The giving tree: Whole Trees

Turning forest waste into building materials
The giving tree: Whole Trees

The giving tree: Whole TreesMost of us don’t give the trees we walk past every day on the street much thought. But that’s not the case for Roald Gundersen, owner, principal architect and co-founder of WholeTrees, a business that turns forest waste into building materials.

Trees, says Gundersen, are fifty percent stronger than an equivalent milled piece of lumber. “So if you can use trees,” he says, “you can have a strong, more durable product.”

The giving tree: Whole TreesUsing trees also means that WholeTrees can source from waste streams of forests. “Currently there’s not a market incentive to take care of forests, so this gives us early returns for forest management,” explains Gundersen.

The added benefit is ensuring the health of the forest. WholeTrees, whose products are certified by the Forest Stewardship Council, worked with the city of Madison on using twelve ash trees that were formerly in city parks for structure and support in the new Festival Foods project on East Washington Avenue. “We sequestered over 120 tons of carbon in the building,” adds Gundersen. “Wood is, after all, an amazing material.”

What is social innovation?

According to Stanford University’s Social Innovation Review, social innovation is a “novel solution to a social problem that is more effective, efficient, sustainable or just than existing solutions” and benefits primarily society as a whole rather than private individuals.

It includes these elements:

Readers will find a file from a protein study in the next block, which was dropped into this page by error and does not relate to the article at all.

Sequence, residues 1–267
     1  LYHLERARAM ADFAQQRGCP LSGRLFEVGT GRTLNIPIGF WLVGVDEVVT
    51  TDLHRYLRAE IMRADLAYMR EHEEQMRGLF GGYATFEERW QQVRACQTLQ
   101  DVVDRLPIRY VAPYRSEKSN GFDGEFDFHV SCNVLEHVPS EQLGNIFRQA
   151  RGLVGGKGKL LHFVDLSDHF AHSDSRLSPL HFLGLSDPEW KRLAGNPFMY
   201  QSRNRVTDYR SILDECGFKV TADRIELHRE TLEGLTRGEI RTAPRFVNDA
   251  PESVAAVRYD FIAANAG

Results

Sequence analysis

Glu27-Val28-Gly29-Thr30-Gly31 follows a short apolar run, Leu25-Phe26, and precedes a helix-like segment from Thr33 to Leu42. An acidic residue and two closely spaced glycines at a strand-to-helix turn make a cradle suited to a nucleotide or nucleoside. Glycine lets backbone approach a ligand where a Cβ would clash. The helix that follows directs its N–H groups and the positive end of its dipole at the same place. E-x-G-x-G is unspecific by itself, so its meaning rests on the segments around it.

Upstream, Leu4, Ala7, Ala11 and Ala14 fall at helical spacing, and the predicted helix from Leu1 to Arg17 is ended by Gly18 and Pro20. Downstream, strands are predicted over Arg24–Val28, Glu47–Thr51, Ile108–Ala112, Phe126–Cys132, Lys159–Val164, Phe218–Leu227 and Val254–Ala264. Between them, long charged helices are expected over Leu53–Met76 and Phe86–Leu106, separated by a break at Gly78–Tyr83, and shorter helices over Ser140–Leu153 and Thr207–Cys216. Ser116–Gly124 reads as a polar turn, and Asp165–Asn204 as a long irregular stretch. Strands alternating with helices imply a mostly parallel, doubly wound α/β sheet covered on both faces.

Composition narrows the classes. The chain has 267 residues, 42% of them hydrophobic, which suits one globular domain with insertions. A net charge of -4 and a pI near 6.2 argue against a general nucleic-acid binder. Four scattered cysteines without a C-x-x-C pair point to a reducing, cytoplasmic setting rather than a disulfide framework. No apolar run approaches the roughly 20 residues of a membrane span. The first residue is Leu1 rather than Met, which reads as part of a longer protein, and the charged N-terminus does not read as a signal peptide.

Increasing employment, productivity and economic growth

Justice, fairness, environmental preservation, improved health, arts and culture and better education

A social innovation:

Can be a product, production process or technology (much like innovation in general), but it can also be a principle, an idea, a piece of legislation, a social movement, an intervention or some combination of them.

Recognizes the fundamental role of cross-sector dynamics: exchanging ideas and values, shifting roles and relationships and blending public, philanthropic and private resources. Innovation blossoms where the sectors converge.

Can’t be understood, let alone solved, without involving the nonprofit, public and private sectors.

The M List
Madison Magazine‘s M List is a who’s who of organizations and individuals who are having an impact on our local culture and economy. In its third year, the M List recognizes those making strides in the area of social innovation. Last year’s list of innovators were in the food industry. The original M List, in 2013, honored the technology sector. The 2014 M List honored “Foodtastic” entrepreneurs and innovators.

Click here to return to the 2015 M List.